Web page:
The way we were weird

Pub date October 25, 2011
SectionFilm Features

FILM In 1990, cable was still a luxury many chose not to afford. The Big Three — it was now grudgingly being admitted that Fox might make it Four — weren’t doing anything all that different from what they had a decade or two or three before. Certainly the popular likes of Major Dad, Beverly Hills 90210, and America’s Funniest Home Videos weren’t exactly rocking the boat as thus far known to viewers and sponsors.

Then came Twin Peaks, which most ABC executives had thought a grievous mistake. Principal writer Mark Frost had the successful Hill Street Blues under his belt, but co-creator David Lynch’s four movies hadn’t remotely seemed to qualify him for America’s living rooms. The Elephant Man (1980) was a prestige project for which he was a hired hand, still his most “normal” film even if eccentric by most other standards; Dune (1984) was an expensive disaster fan-editors are still trying to salvage. Blue Velvet was the most perverse Americana joke imaginable in 1986, a screen year otherwise defined by Top Gun. As for Eraserhead (1977) — well, never mind.

Debuting in April of 1990, Twin Peaks took Velvet‘s surreal juxtaposition of Eisenhower-era small town idyllicism with hair-raising behavioral excesses, then stretched it semi-mockingly over the broad, flat ensemble canvas of Peyton Place — a trashily soap-operatic bestseller and TV series whose movie incarnation Frost-Lynch screened for inspiration. The notion of innocence defiled almost beyond comprehension was crystallized in their startling image of a homecoming queen beatifically dead, plastic-wrapped, washed onto the riverbank of her picturesque Washington state burg.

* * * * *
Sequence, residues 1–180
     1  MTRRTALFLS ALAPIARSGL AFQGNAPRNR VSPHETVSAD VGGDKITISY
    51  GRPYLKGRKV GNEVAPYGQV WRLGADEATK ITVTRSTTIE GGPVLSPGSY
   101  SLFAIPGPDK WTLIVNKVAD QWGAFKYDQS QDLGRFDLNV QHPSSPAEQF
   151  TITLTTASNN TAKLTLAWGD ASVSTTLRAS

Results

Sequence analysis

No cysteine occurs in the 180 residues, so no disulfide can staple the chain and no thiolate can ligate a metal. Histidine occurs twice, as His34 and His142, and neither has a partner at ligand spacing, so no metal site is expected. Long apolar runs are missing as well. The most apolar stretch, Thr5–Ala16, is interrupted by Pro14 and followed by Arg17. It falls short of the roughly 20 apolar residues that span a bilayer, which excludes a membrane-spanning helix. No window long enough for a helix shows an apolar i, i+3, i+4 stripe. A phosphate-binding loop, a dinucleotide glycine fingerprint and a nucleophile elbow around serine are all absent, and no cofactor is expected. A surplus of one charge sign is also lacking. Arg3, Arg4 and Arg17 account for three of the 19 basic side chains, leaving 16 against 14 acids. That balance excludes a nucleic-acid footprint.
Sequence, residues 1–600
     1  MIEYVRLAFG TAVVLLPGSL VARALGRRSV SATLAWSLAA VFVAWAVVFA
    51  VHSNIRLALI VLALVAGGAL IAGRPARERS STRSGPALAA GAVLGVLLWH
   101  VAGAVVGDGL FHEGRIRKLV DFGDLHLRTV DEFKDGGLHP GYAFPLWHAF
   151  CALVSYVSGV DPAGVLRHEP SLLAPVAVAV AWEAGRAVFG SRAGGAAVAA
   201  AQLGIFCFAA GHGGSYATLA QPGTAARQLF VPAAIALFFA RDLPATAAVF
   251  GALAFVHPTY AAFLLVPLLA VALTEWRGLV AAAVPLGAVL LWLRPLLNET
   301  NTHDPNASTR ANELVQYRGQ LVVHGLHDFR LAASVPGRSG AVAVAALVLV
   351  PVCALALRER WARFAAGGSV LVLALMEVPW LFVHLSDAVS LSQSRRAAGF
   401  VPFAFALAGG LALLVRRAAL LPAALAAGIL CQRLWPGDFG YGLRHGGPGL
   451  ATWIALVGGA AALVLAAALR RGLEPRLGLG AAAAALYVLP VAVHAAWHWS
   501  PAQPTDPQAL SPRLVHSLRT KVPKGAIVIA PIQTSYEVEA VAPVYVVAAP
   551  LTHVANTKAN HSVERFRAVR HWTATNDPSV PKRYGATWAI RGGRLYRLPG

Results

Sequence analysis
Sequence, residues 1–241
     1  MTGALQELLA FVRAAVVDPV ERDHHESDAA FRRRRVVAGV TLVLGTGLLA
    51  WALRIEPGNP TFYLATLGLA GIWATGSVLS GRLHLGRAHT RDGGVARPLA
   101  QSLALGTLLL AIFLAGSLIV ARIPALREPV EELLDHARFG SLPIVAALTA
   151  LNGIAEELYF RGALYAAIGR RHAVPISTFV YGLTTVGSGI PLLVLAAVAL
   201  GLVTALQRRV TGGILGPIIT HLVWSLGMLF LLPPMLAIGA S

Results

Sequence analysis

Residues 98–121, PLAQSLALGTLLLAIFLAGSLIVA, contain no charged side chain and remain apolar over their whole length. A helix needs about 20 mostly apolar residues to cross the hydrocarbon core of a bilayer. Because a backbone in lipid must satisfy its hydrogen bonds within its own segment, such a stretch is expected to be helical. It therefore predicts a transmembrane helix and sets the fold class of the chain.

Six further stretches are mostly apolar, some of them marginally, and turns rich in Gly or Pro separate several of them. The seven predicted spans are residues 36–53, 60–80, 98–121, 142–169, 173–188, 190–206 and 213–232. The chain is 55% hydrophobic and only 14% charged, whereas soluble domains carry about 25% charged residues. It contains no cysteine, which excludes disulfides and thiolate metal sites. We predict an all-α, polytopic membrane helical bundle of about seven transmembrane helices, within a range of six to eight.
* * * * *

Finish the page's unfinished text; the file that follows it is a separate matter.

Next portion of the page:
“Who killed Laura Palmer?” briefly gripped the nation, just as “Who shot J.R.?” had 10 years earlier. Two decades ago everything tasted better when drizzled with the special chocolate sauce of “postmodernism,” and Twin Peaks was the most ironic cherry pie vehicle for that addictive popular culture had yet baked up. It was so cool you could hardly believe it was actually being watched.

Then it wasn’t, making for one of the medium’s brightest, fastest flameouts. But naturally its cult has endured, despite so many home-viewing releases since compromised by laziness and rights issues, not to mention the colossal buzz kill of 1992’s first/last big-screen spin-off. Its actors have aged, and in numerous cases not prospered. But Twin Peaks itself is like Dorian Gray, forever ageless, seductively not-quite-right.

You can indulge your undying love at the Roxie, when a more-or-less “20th Anniversary Tribute” offers close to six consecutive hours of Peaks-iana. Co presented by short-range nostalgists Midnites for Maniacs, the evening commences with Otto Preminger’s noir-ish 1944 Laura, another story about an obsessed-over dead babe that was an apparent influence on the much later series.

Things begin in earnest with the 90-minute Peaks pilot, directed by Lynch himself. Swaying to the drugged prom dance themes of Angelo Badalamenti’s signature score, it introduced an incredible range not just of characters but of actors, both running the gamut from dewy to screwy.